(2) physics programs (decline in quantity and quality of science programs in the U.S.; promoting and supporting efforts at improving science education at the primary, secondary, and undergraduate levels, as well as for the general public; developing and coordinating cooperative efforts between AIP and its Member Societies);

(3) finance and administration (maintaining cost effective services and programs on behalf of its Member Societies and the physics community; providing and maintaining the space necessary to carry out authorized activities).

Weart then stated that this Long-Range Plan is not a study of the future. One of the goals is to study and to develop mechanisms needed in order to make projections for the future. Trends in publishing will affect AIP staff and space, as will trends and needs in the area of physics programs.

Havens noted that many things listed here are also done by Societies. Therefore, the distinction will have to come about that AIP does certain things and the Societies do others; they have to be done in a cooperative spirit. 70% of what is in the report are things that can be done either by AIP or the Societies, and the mix of activities done by AIP for societies will vary from one to another.

Weart said he hopes this will stimulate long-range planning in all Societies.

(The meeting recessed for dinner at 5:00 p.m. and reconvened at 7:00 p.m.)

(The discussion of the Long-Range Plan was resumed Friday, 11 September, at 9.15 a.m. It is reported here for continuity.)

Finally, Weart asked the committee to address the goals and objectives and noted that there had been no attempt to make a priority ordering. The general discussion which followed served to highlight committee perceptions of AIP trends and needs, and resulted in the addition, where possible, of objectives, or even appropriate phrases, which emphasize the need for cooperation and communication among Societies and with AIP, and for strengthening the customer orientation of service divisions within AIP.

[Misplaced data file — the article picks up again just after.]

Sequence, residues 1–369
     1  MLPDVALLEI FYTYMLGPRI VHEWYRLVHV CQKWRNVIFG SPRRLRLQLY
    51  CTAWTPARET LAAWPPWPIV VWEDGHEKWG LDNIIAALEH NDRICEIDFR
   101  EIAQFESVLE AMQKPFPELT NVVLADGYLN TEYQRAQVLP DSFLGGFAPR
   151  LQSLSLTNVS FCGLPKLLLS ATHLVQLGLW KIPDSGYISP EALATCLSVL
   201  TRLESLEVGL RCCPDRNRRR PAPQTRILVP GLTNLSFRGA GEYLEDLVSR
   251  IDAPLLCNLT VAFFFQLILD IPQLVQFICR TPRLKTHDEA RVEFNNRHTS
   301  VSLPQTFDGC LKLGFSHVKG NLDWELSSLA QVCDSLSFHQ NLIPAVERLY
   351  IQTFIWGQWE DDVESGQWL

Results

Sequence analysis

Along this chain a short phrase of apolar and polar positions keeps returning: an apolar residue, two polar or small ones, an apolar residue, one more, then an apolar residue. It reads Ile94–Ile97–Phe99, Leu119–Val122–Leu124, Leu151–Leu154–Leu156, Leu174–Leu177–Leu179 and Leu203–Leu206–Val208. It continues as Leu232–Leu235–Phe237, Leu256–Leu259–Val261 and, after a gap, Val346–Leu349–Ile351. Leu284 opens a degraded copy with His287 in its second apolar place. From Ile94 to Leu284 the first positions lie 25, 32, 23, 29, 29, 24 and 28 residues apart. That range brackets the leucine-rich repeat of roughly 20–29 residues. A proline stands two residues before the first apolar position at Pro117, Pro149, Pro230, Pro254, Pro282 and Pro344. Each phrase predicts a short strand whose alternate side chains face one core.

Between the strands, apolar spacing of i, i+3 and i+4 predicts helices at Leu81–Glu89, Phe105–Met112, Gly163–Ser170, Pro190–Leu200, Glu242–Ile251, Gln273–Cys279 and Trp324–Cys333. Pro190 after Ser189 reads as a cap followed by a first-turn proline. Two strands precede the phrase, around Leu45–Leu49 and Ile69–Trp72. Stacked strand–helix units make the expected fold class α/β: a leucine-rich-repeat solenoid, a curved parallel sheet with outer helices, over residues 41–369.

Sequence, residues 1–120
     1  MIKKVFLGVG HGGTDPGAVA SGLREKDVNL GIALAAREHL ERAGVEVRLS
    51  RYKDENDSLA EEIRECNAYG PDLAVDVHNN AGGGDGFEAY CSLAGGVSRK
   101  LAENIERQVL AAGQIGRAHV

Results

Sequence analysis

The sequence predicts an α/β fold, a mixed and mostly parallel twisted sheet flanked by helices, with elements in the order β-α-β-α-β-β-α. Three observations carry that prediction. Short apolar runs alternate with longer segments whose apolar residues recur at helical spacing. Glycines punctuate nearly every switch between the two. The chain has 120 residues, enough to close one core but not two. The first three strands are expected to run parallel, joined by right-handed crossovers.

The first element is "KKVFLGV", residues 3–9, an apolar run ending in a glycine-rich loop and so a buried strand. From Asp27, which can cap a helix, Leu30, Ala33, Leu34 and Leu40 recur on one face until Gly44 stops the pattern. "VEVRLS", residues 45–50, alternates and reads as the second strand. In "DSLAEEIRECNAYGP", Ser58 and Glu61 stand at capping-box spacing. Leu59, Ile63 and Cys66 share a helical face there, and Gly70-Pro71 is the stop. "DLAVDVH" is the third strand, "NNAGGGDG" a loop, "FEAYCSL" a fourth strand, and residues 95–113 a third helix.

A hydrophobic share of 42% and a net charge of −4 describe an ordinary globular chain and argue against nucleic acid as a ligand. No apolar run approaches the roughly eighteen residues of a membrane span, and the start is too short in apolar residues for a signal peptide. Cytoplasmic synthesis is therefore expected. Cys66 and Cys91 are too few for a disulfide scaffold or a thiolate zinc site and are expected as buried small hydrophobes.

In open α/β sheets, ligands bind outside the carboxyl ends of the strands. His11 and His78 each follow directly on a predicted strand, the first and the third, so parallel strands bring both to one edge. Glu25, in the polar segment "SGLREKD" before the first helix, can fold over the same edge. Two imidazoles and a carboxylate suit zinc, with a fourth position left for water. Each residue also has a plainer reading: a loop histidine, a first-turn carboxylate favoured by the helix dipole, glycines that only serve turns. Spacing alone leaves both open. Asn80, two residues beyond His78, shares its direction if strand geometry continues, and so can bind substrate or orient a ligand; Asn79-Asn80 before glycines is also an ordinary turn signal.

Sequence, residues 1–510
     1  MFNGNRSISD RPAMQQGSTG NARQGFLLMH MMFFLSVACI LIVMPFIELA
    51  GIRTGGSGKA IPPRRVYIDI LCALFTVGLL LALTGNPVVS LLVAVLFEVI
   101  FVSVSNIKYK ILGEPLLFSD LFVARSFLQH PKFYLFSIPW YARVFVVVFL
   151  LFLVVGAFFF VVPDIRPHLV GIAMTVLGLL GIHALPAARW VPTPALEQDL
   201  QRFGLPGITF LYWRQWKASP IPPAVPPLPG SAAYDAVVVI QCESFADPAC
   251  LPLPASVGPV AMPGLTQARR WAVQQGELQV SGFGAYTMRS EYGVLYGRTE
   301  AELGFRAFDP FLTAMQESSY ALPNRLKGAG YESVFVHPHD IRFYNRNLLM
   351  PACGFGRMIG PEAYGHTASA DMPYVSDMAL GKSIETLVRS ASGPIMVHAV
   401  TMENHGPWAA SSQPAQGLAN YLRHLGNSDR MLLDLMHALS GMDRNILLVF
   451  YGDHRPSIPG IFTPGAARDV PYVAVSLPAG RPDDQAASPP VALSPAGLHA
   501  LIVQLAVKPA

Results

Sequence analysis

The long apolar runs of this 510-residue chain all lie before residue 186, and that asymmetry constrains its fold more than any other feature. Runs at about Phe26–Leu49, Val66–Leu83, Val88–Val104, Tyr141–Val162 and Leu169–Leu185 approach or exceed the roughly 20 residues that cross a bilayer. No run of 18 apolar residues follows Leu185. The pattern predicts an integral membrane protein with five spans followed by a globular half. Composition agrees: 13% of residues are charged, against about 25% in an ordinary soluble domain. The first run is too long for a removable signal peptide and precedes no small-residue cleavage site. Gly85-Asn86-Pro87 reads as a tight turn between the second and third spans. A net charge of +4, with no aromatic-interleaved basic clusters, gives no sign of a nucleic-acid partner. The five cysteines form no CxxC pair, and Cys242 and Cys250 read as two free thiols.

Weart said the next stage will be for him to put in the suggested revisions.

Frauenfelder thought the plan, with revisions, should go to the Executive Committee for review before going to the Governing Board. Anyone who has a serious problem about anything should call as soon as possible. Weart said it would be mailed to the Executive Committee within a week, and asked for comments as soon as possible thereafter.

Ford emphasized that, since it was written by staff from a staff perspective, the tone comes across as staff-prepared. It will, however, be a Governing Board plan.

(The discussion of long range planning concluded at 10:55 a.m. on Friday.)

11. Physics Programs Matters

  1. Report of the Director of Physics Programs
    Rigden referred to his 25 August 1988 memo to the Executive Committee which presents an overview of Divisional ongoing activities and new and special initiatives. He especially noted:

    1) Project SEEP (which involves 6th graders).
    2) The appointment of Don Kirwan as Manager of the Education Division, which is relocating in Washington DC.
    3) Recruitment efforts to replace David Kalson (Manager of Public Information) resigned earlier this year. Rigden stated that is his belief that there are lots of ways we can serve the physics community and the Member Societies through Public Information Division.